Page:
Lady Dighton understood this perfectly well. She had a quick perception of the character and feelings of those she associated with; and had talked to Maurice intentionally of what she guessed he must wish to hear. She had a great deal more to say to him, still, about her grandfather and her husband, and the country; and wanted to ask questions innumerable about his former home in Canada, his mother, and everything she could think of, the discussion of which would make them better acquainted. For she had quite decided that, as she said, they were to be very good friends; and, to put all family interest and ties on one side, there was something not disagreeable in the idea of taking under her own peculiar tutelage a young and handsome man, who was quite new to the world, and about entering it with all the prestige which attends the heir of fifteen or twenty thousand a year.
They were still talking busily when Mr. Beresford’s man came to say that his master was awake. They went in together and sat with him for the rest of the afternoon, until it was time for Lady Dighton to go. When she did, it was with a promise from Maurice, not to wait for a visit from Sir John, who was always busy, but to go over and dine at Dighton very soon; a promise Mr. Beresford confirmed, being in his heart very glad to see such friendly relations springing up between his two grandchildren. Maurice, on his side, was equally glad, for not only did his new friendship promise pleasure to himself, but he had a secret satisfaction in thinking how well his cousin and Lucia would get on together if—
But then the recollection that he had left Cacouna in possession of Mr. Percy came to interrupt the very commencement of a day dream.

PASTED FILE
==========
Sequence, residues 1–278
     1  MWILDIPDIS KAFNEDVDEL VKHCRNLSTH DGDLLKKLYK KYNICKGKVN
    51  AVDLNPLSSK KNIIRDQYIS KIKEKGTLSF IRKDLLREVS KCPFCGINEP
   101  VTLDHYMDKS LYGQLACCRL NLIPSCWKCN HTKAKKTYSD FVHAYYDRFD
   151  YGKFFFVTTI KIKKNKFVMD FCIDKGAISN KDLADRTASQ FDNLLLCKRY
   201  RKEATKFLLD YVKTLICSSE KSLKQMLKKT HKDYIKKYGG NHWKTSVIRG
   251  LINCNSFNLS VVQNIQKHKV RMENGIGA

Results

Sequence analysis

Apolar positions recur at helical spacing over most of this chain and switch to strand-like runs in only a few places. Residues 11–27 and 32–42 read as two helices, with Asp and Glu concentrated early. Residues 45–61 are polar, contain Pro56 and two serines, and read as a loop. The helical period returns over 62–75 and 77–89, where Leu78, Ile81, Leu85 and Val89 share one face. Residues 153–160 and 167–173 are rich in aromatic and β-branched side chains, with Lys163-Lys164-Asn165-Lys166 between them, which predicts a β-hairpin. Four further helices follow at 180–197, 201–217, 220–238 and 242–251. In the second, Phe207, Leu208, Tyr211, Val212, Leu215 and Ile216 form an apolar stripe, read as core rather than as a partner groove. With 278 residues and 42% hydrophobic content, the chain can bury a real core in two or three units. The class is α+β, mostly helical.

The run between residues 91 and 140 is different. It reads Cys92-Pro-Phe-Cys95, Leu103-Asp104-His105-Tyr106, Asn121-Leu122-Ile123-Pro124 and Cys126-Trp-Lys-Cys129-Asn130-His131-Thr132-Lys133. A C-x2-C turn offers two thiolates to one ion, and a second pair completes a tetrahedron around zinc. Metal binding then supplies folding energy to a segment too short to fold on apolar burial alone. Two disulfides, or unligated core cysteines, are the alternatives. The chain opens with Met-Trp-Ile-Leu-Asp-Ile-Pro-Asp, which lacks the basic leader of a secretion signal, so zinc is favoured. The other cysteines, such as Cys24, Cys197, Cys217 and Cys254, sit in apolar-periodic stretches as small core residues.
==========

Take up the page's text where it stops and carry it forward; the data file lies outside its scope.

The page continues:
Maurice paid his visit to Dighton—paid two or three visits, indeed—and his cousin came to Hunsdon still oftener, so that in the course of a few weeks, a considerable degree of intimacy grew up between them. Sir John was, as his wife said, always busy; he was hospitable and friendly to his new connection, but in all family or social matters he was content, and more than content, to drop into the shade, and let Lady Dighton act for both; so that Maurice, like the rest of the world (always excepting his constituents and tenants), very soon began to consider him merely as an appendage, useful, certainly, but not of much importance to anybody.
In the progress of their acquaintance it was natural that the cousins should often speak of Canada. Lady Dighton understood as little, and cared as little, about the distant colony as English people generally do; but she had considerable curiosity as to Maurice’s past life; and in her benevolent efforts to improve and polish him, she was obliged to recognize the fact that, loyal Englishman as he was by birth, education and association, he might have said truly enough,
“Avant tout, je suis Canadien.”